Mass media can pick sides or create caricatures on any issue. It’s not always intentional but it moves the role of reporter from umpire to advocate, which puts the burden on the public to separate the straight story from the spin.
The latest case study? The Humane Society of the United States (HSUS), an animal rights group that has been leveraging the media in its advocacy campaigns for years. Advocates know if they can engage your emotions, you are closer to taking action. If they also suggest the action and it happens to be “donate now,” it’s lucrative, too.
A group called “The Humane Society” has a big advantage in the media. People like pets and have strong emotional connections to them. It’s easy to get a reaction from an audience through pictures of cute (or abused) animals. Moreover, it’s hard to appear “against” an animal protection group.
Unfortunately, having a media “untouchable” isn’t in the public’s best interests.
Consider the status quo: There is no humane society umbrella organization, but most people – 71 percent, according to recent national polling – think the Humane Society of the United States is just that. HSUS only gives 1 percent of its budget to pet shelters. Never mind the TV commercials filled with dogs and cats in cages, just like a shelter would use.
HSUS makes fundraising appeals in which more than 85 percent of the animals shown are dogs and cats even though only 1 percent of the money raised from the public is shared with pet shelters. More than 99 percent of the ads don’t have the disclaimer that HSUS assures us will protect donors from any confusion about where the money goes.
National groups raise awareness about issues. Local groups provide hands-on care for animals and the public remains largely unaware of the difference. I’ve worked for HSUS and local animal control. I understand both sides of the story.
Pet shelters can’t compete with the leverage enjoyed by HSUS. When there’s an animal-rescue situation with multiple responders, HSUS can be counted on to show up with cameras rolling for future promotions. In 2011, HSUS has put out more than 400 press releases.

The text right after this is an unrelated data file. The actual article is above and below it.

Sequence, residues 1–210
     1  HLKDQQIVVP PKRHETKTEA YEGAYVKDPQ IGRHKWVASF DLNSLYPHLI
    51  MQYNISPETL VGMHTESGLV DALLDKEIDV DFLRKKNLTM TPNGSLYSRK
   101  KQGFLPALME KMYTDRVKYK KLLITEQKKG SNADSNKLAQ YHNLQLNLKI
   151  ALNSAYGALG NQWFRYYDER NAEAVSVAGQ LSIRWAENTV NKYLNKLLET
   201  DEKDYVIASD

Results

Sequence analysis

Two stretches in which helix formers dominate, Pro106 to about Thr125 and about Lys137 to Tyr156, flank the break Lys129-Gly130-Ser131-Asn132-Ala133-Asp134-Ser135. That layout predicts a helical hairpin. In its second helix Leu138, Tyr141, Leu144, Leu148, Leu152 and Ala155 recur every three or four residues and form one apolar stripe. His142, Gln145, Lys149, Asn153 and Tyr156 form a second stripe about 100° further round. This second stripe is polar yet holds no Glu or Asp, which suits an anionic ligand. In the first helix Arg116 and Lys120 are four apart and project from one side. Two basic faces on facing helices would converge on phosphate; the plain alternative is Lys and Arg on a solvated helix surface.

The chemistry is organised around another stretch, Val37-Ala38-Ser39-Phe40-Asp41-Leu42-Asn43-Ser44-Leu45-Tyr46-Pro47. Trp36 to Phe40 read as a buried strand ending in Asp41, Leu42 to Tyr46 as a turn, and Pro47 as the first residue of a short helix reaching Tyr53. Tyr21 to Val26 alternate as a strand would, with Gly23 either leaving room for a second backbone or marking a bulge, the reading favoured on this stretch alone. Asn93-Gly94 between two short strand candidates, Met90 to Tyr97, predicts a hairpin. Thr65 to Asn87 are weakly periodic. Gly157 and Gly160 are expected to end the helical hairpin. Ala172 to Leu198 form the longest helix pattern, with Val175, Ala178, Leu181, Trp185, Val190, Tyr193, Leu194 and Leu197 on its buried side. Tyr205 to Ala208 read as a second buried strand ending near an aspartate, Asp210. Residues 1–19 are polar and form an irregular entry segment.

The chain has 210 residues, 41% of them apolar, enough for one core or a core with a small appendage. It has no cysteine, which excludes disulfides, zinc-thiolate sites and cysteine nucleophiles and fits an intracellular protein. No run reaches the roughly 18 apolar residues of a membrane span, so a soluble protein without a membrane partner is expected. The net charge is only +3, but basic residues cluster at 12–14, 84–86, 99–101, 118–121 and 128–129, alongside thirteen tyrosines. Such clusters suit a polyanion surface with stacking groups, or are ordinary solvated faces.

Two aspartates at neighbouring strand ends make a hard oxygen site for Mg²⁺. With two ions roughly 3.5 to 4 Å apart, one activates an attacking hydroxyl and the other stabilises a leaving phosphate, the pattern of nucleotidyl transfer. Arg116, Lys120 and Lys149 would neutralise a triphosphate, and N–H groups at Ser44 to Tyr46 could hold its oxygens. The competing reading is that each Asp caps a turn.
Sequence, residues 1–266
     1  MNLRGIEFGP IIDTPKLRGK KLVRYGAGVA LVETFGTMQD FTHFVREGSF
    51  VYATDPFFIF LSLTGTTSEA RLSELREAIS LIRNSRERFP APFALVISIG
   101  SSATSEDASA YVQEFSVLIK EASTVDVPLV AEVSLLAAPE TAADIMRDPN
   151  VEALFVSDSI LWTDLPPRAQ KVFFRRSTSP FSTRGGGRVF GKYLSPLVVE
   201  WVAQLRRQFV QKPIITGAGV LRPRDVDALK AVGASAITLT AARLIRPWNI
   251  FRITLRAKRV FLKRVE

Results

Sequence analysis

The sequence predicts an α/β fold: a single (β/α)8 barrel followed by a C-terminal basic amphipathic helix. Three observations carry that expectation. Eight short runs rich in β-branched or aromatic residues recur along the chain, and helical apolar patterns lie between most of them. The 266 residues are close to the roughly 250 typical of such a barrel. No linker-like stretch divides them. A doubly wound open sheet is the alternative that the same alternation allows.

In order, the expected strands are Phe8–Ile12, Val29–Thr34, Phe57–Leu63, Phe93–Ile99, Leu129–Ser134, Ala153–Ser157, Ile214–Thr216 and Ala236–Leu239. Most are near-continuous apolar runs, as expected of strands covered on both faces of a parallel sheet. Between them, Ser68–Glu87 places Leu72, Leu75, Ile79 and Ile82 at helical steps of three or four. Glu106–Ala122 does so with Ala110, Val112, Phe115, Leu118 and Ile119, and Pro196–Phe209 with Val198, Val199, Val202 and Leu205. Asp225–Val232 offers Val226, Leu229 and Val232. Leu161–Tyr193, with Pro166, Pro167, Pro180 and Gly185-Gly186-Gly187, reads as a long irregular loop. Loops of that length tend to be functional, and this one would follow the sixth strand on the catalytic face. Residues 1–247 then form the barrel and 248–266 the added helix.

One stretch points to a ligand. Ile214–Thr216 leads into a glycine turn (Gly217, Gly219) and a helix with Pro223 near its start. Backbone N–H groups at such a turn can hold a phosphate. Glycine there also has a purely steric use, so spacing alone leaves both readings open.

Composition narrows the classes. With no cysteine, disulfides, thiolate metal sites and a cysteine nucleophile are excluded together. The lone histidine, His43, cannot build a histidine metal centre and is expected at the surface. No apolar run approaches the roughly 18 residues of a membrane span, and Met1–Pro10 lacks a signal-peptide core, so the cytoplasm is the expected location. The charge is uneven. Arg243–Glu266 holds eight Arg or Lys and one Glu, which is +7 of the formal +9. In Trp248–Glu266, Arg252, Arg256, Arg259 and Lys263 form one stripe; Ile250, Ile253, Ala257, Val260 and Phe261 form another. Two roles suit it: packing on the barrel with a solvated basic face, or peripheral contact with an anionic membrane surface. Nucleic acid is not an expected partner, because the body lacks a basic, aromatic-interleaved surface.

So, last month, I started working on a national project to help clear up the misunderstanding called the Humane Society for Shelter Pets. Our message is simple: Know where your money’s going. Give local if you want to help pets in shelters. If you want to help a national group with political campaigns, that’s fine too.
Sadly, the response from HSUS has been rather inhumane–amplified by media complicity.
In response to my announcement that I’d joined this project, why would HSUS help another former HSUS employee make a formal complaint about me to my employer, an animal shelter in Maryland? Or ask my local paper to write about the complaint, and include a copy of the complaint (usually a confidential personnel matter) and a letter of support from HSUS CEO Wayne Pacelle, defaming the downtown PR firm that is helping us get the word out and its owner?
Sometimes it’s personal. Last year New York Times reporter Stephanie Strom wrote a hit-piece on HSUS’s critics after receiving a request from HSUS to do a story. HSUS also helped file a baseless ethics complaint in New York State that was picked up by Albany media. It didn’t matter that the complaint was bogus. The story was already written.
That’s not all. HSUS sent strangers to my workplace to question me and did the same to other people working on this project. They’ve filed Freedom of Information Act requests to have copies of all my emails and phone conversations. What that has to do with helping animals, is hard to get at.
Ironically, HSUS created a pledge for “Humane Discourse and Conduct Within Animal Welfare.” The pledge reads, in part, “Verbal attacks, threats, harassment, defamation … do not ultimately help animals.”
I agree. But if I have to defend myself against false accusations or quit helping animals altogether, I’ll be defending myself and the animals that need assistance.
Speaking truth to power often draws a hostile reaction. But thankfully, I’ve heard personally from more than 700 shelters who support our “give local” mission. The truth often prevails, as it will here. Especially once the media is ready to stop playing the fool.
Diana Culp is director of the Humane Society for Shelter Pets and former Director of Education for the Humane Society of the United States.